The Rundown: Players Refuse to Back Down, Profiling Cubs Draft Possibilities, 1985 First Year Player Draft League’s Best Ever

MLB players have said publicly that they want to play and are ready to get going, but they won’t take another pay cut just to start the 2020 season. Union leader Tony Clark issued a statement Thursday evening to announce that the players “resoundingly rejected” the league’s demand for any further concessions.

“In this time of unprecedented suffering at home and abroad, players want nothing more than to get back to work and provide baseball with the game we all love,” Clark said. “But we cannot do this alone.”

That friction will likely spill over into negotiations between the two sides when they work out a new CBA when the current agreement expires at the conclusion of the 2021 season. Though baseball will resume before that benchmark date, it almost feels like the two sides are so far apart that it may not. Don’t let your emotions get the best of you, there’s too much at stake to go baseball-less for any extended period of time, and that includes this season. Neither side really wants to call it all off, despite posturing that indicates neither will give in.

Still, many fans side with ownership and are blaming players for an attempted coup designed to ruin the game.  It’s hard to think of players who earn millions of dollars as the “have-nots” in a war between social classes, but that’s the foundation of the discord between both sides. Don’t forget, not every player earns Gerrit Cole or Mike Trout money.

If you’ve been watching the Cubs Insider video podcast The Rant, our Managing Partner and budding TV analyst Jon Strong has determined that baseball is fixated on allowing no more than $1.4 billion in league-wide salary this year, no matter how many games are played. Naturally, owners want that to be as few as possible, partly to cut down on the expenses of opening stadiums in a scenario where fans may not be allowed to attend.

But here’s the rub: you can bet your ass that once an agreement is reached, teams will turn to local and state governments to figure out how to allow fans to attend the games. Maybe it scales in capacity starting at something like 25% before health requirements relax, possibly allowing full attendance before summer ends. If allowed, how do you think that will sit with the players now before playing out in 2021 negotiations?

“Important work remains to be done in order to safely resume the season,” Clark said. “We stand ready to complete that work and look forward to getting back on the field.”

That’s the union leader saying the two sides are nowhere close to reaching a deal right now.

Cubs News & Notes

Find Your Inner Hero

I’m still confounded that anybody would want to see the Cubs trade Jason Heyward.

Apropos of Nothing

It’s time like these that I could really use a weekend of the Allman Brothers, the Grateful Dead, a few ice cold beers, and some genuine hippie flower power. Sometimes I wish I could just leave the country for a few months, or, you know, permanently.

Odds & Sods

Paul Sullivan satirically notes that the obvious conclusion to the disagreement between the league and the players should be a 14-game season played only by the Yankees and Red Sox, followed by a 9-game World Series between the two clubs, all made-for-TV. Come to think of it, that might make a helluva reality show. Season two could be the Dodgers and Astros, followed by the Cubs and Cardinals.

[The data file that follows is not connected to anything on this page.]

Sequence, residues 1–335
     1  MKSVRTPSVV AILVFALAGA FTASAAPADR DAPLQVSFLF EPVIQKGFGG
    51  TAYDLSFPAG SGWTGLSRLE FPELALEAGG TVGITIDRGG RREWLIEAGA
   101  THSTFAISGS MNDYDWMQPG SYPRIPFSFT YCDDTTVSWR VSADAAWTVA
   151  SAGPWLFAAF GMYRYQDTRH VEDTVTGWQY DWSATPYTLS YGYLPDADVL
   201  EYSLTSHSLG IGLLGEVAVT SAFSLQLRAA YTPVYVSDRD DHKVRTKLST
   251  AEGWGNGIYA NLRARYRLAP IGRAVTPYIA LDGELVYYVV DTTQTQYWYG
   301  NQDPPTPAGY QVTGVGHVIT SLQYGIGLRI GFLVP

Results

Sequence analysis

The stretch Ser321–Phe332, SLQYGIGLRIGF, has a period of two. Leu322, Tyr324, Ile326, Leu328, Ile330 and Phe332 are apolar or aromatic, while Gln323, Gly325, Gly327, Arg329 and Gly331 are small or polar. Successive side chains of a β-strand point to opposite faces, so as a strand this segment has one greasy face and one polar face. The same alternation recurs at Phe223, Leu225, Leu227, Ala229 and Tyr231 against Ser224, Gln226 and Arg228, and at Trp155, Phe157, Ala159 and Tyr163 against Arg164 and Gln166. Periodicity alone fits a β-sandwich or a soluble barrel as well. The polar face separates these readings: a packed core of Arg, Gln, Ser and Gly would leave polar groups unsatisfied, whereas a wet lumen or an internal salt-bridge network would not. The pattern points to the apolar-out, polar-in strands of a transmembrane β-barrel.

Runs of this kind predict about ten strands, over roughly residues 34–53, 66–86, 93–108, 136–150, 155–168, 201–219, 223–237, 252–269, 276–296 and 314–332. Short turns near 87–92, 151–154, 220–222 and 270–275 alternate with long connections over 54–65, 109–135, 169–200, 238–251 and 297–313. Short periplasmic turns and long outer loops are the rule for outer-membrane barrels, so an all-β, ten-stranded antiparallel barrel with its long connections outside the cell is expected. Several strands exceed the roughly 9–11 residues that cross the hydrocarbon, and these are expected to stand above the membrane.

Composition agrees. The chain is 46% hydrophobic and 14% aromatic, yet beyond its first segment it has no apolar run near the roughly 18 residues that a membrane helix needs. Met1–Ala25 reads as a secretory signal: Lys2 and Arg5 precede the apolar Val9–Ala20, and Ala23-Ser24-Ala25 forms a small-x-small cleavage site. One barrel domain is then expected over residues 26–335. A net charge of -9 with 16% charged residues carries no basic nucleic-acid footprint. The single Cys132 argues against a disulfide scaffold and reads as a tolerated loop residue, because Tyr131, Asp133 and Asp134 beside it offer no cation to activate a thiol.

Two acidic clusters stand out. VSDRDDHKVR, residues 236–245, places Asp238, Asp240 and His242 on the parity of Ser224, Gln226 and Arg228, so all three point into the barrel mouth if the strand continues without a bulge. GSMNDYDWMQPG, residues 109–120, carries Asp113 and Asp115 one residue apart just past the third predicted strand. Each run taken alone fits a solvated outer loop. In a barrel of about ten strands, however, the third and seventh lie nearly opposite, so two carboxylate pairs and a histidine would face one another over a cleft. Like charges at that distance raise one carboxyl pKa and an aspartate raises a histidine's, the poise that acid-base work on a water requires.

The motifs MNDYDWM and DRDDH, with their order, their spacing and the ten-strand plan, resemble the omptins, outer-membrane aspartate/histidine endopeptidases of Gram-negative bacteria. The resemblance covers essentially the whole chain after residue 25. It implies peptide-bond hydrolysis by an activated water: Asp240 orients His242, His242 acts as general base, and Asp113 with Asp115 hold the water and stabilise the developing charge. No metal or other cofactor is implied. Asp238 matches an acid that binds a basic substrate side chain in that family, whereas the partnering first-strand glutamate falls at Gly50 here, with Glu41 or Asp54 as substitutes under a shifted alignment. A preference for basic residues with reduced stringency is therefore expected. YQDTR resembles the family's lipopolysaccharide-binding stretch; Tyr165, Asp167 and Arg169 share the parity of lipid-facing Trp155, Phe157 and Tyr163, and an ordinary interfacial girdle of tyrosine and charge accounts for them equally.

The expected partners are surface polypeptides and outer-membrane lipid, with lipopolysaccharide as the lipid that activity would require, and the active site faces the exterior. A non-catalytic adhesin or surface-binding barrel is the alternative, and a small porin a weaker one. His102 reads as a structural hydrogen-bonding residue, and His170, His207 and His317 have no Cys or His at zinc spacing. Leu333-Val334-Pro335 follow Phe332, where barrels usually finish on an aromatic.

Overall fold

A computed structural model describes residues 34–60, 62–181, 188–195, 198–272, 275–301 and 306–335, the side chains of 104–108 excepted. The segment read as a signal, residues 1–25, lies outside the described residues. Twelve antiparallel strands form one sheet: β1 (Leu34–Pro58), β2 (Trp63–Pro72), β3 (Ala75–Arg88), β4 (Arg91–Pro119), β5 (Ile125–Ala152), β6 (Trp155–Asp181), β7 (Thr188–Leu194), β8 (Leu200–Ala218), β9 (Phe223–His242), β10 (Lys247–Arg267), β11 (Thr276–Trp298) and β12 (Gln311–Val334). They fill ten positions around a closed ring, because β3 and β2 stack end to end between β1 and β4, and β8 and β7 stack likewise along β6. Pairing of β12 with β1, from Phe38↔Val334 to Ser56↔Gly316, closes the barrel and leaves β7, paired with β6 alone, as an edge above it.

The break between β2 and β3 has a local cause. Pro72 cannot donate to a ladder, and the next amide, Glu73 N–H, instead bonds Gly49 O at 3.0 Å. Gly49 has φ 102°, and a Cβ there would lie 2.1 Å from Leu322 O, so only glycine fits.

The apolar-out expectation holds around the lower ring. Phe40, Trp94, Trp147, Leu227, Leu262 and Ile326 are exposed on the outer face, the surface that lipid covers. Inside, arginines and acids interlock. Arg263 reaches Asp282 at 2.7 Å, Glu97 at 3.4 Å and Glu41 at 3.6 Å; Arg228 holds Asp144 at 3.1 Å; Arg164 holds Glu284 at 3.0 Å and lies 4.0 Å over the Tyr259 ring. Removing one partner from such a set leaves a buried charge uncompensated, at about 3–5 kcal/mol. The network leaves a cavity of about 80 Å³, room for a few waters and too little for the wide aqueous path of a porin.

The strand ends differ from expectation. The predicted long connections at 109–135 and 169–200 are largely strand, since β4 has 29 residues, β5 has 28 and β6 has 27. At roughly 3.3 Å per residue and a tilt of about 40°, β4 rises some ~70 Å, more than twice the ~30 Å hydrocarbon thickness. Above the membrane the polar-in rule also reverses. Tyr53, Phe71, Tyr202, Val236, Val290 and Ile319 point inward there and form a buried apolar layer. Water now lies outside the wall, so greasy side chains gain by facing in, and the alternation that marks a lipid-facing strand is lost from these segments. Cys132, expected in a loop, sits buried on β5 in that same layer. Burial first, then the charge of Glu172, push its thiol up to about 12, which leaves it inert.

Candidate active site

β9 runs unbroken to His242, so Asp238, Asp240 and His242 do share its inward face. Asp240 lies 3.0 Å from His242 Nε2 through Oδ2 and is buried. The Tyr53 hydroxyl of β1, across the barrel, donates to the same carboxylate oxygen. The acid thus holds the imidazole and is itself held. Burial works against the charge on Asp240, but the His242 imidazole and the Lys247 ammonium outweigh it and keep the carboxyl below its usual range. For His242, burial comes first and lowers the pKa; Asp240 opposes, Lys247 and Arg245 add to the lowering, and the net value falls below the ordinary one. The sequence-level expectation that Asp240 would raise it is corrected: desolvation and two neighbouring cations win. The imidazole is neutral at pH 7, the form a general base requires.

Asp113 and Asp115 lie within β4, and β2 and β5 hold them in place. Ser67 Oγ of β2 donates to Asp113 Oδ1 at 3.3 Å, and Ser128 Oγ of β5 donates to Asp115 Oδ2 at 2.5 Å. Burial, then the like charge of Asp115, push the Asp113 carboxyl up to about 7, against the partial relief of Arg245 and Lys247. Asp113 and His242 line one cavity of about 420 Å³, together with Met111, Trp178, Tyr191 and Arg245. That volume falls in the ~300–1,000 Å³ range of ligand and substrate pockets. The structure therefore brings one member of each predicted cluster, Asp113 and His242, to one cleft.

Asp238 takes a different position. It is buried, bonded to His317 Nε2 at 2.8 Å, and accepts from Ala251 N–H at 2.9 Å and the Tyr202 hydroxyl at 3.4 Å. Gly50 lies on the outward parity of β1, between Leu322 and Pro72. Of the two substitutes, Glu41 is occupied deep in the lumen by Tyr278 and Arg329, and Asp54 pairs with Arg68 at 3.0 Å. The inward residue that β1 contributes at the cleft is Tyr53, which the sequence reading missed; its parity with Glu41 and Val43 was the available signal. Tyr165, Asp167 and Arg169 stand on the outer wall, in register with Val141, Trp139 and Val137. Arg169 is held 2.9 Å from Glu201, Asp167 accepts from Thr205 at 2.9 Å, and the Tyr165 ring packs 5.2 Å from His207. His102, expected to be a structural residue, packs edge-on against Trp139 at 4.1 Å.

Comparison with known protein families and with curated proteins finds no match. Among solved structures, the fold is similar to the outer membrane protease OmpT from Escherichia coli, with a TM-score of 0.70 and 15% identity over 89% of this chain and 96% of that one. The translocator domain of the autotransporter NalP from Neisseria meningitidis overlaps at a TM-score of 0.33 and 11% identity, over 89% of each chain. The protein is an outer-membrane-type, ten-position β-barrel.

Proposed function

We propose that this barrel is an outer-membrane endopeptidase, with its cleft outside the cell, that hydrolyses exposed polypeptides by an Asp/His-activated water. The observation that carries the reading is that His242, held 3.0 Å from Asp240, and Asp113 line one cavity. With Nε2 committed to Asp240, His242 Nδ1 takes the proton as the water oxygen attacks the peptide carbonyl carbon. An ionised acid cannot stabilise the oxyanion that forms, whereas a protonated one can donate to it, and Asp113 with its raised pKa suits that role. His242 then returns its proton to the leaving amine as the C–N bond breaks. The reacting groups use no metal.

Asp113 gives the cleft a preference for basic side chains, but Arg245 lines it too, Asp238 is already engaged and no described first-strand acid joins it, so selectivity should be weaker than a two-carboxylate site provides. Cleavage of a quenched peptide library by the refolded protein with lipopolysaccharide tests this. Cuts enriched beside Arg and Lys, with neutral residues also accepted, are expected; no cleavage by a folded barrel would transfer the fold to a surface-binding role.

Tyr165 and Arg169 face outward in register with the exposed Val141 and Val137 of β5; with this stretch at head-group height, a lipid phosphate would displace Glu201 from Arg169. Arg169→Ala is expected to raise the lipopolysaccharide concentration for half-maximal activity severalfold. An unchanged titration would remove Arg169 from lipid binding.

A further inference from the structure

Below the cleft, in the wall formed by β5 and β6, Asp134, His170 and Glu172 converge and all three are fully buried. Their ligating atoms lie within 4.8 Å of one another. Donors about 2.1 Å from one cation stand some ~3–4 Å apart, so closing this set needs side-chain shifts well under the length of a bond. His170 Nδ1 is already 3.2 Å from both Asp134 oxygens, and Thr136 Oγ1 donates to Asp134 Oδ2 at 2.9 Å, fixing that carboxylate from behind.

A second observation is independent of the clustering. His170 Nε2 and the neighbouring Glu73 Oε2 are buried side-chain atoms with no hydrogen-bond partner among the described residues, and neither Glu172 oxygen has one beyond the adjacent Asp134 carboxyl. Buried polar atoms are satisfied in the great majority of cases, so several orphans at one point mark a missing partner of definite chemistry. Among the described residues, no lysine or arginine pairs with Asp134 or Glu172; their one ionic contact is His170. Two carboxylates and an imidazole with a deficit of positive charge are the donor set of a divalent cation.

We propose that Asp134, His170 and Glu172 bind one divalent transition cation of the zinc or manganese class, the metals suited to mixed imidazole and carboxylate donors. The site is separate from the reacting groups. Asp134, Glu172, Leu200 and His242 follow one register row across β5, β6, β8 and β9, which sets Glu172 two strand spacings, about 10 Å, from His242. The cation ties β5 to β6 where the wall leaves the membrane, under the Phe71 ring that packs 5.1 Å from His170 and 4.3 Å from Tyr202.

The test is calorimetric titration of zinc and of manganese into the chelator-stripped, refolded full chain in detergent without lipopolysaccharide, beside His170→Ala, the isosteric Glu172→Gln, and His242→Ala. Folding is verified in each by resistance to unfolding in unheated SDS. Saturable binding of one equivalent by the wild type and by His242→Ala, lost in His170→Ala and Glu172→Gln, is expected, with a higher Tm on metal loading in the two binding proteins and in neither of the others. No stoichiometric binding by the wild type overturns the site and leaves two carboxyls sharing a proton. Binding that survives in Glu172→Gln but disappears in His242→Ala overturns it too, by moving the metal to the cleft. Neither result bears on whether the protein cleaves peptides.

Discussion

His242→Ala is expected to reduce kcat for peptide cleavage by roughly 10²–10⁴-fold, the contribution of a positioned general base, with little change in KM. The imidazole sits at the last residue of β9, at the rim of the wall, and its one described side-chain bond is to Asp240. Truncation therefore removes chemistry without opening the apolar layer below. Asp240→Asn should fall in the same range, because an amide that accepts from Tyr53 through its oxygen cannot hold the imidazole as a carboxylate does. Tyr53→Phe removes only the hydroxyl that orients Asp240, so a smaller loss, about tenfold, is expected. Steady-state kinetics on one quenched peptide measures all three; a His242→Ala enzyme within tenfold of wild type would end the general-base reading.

MLB News & Notes

Rob Manfred has the power to unilaterally create a 50-game schedule if he pleases, but it’s hard to imagine the players agreeing to a 50-game season if the commissioner implements one.

Neither side is willing to budge right now and the deadline to start a season that begins the first week of July is getting perilously close.

The 1989 first year player draft produced four Hall of Fame players, including Frank Thomas and Jim Thome, but the 1985 draft, which produced Randy Johnson, Barry Bonds, Barry Larkin, John Smoltz, Will Clark, Rafael Palmeiro, and Mark Grace may have been the greatest draft of all time. Additionally, Sammy Sosa signed with the Rangers for $3,500 as a 16-year-old free agent in ’85.

You’ll need a subscription to The Athletic to read this gem, but in 1995 MLB players nearly started a nationwide barnstorming tour that was canceled just as the league and the union agreed to end its work stoppage.

Ex-Rays, Red Sox and Dodgers star Carl Crawford was arrested and charged with domestic violence yesterday.

Extra Innings

Hope exists.

Sliding into Home

It’s Friday and if you made it through the week unscathed emotionally and/or physically, that’s quite the accomplishment these days. It’s a poor reflection of society that I have to say that, but hang tough through the weekend, and see you all Monday.

They Said It

“The overwhelming consensus of the board is that players are ready to report, ready to get back on the field, and they are willing to do so under unprecedented conditions that could affect the health and safety of not just themselves, but their families as well. The league’s demand for additional concessions was resoundingly rejected.” – Tony Clark

Friday Walk Up Song

I Won’t Back Down by Tom Petty & The Heartbreakers – Ballplayers…united we stand.

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